A generation shift is the notion of pushing a narrative ahead in time by a generation and changing the player-controlled protagonist from a character of the older generation to a new character. In some games, the player may be asked to play out the events that will result in the birth of the following generation's protagonist, such as by courting and marrying a spouse. If the player has the option of multiple spouses, characteristics of the child born may differ based on the attributes of the parents. Multiple examples of this concept in action also go hand in hand with the idea of taking up a father's sword in the new protagonist's desire to avenge the death of his or her parents.
In Dragon Quest V, the player character begins as a child that accompanies his father until one day being captured and forced into slavery. Upon escaping as an adult, the player will eventually meet back up with his childhood friend Bianca as well as another girl named Nera. The player must choose one of the two ladies to marry. (The DS remake adds a third option in Nera's sister Debora.) The protagonist and his wife will eventually give birth to a son and daughter, and then storyline events will push the game ahead a number of years until the babies have grown into young-but-capable children. By the end of the game, the entire family is a part of the adventuring party.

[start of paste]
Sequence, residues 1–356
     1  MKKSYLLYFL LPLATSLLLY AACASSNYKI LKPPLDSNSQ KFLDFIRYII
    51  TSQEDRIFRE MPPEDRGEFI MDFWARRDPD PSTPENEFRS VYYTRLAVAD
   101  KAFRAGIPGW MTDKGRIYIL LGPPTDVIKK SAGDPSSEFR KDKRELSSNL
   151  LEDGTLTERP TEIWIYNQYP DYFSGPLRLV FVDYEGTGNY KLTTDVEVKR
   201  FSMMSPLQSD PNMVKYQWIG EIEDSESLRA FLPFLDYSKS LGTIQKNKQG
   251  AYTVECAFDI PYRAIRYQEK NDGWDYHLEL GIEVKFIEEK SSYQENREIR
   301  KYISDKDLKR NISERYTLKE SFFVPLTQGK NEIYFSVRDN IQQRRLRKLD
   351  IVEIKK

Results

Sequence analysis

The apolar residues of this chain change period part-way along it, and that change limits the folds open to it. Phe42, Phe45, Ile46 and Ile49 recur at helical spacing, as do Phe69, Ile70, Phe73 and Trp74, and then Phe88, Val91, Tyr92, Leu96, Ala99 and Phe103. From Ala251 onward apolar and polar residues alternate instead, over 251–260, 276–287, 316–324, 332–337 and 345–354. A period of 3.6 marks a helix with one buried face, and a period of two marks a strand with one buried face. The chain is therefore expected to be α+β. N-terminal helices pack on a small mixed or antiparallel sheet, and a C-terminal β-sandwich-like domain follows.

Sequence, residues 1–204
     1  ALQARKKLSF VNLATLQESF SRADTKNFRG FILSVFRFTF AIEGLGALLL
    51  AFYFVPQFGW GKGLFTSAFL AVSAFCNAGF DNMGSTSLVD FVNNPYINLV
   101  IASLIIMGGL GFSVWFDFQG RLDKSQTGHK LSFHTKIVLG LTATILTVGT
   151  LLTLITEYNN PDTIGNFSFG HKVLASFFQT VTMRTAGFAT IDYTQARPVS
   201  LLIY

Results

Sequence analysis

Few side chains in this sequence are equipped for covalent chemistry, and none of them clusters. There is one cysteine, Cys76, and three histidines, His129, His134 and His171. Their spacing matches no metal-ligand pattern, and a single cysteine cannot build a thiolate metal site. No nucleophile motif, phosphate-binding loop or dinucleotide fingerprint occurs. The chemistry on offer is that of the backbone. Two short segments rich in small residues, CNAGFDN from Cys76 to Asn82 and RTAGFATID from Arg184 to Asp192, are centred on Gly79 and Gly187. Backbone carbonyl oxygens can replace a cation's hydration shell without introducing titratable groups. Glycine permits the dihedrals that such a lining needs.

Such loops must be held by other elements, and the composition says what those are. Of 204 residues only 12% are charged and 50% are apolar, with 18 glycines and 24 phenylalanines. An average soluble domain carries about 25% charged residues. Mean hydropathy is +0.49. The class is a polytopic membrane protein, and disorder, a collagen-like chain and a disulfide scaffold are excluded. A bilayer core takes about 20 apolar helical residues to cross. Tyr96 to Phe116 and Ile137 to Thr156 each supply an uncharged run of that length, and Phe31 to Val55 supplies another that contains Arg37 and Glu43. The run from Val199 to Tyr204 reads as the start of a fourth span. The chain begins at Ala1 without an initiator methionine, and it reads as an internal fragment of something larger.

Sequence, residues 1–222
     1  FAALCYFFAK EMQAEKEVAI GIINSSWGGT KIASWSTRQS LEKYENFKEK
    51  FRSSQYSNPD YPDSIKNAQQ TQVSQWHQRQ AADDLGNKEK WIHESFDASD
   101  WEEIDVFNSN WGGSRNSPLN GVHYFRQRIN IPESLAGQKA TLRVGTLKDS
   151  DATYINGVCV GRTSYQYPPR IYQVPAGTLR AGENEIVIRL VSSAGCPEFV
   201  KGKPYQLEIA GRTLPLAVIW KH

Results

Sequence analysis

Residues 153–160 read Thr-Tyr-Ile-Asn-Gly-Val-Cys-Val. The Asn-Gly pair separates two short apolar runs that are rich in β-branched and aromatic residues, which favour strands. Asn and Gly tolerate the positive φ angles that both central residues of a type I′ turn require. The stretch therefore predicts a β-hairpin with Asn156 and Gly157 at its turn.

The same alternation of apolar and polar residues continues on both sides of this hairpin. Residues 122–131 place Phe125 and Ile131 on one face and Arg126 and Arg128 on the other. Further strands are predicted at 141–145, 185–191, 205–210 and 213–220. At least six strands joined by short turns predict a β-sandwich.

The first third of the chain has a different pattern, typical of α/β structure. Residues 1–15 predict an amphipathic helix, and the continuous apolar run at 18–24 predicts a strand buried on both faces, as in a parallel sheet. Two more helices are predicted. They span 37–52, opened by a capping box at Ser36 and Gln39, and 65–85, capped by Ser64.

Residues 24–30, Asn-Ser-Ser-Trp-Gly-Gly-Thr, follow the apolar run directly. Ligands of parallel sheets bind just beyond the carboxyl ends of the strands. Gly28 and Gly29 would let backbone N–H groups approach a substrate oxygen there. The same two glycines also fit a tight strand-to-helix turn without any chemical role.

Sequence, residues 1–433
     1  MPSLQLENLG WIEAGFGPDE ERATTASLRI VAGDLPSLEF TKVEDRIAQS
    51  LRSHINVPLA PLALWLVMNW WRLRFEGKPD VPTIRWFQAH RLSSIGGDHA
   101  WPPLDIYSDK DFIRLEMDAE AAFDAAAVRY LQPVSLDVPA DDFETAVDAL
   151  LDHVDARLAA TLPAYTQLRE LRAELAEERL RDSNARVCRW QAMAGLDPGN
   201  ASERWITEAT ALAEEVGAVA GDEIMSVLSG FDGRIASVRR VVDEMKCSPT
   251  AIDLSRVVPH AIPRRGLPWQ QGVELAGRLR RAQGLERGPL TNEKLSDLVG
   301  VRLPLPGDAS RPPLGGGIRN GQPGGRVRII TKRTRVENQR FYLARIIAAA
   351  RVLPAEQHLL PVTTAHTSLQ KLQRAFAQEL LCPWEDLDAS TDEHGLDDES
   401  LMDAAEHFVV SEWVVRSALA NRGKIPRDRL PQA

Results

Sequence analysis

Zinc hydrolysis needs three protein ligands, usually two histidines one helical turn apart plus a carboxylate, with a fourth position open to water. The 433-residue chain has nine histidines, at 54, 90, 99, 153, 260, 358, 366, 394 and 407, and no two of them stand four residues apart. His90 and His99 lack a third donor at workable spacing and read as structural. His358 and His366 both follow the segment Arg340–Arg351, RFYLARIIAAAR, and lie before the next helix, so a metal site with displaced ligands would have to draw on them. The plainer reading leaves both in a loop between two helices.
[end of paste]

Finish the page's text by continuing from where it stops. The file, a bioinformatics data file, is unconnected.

In the fourth Fire Emblem game, the player initially follows the tale of Sigurd, who eventually fathers a son named Seliph. However, midway through the game, Sigurd is betrayed and killed. The game then jumps ahead years later to a point when Seliph has grown into a young man and fights to avenge his father.
After John Marston, the protagonist of Red Dead Redemption is killed near the end of the game while defending his family, the game skips ahead and gives the player control of his grown son Jack. As Jack, the player's primary goal is to get revenge on the man responsible for the death of his father.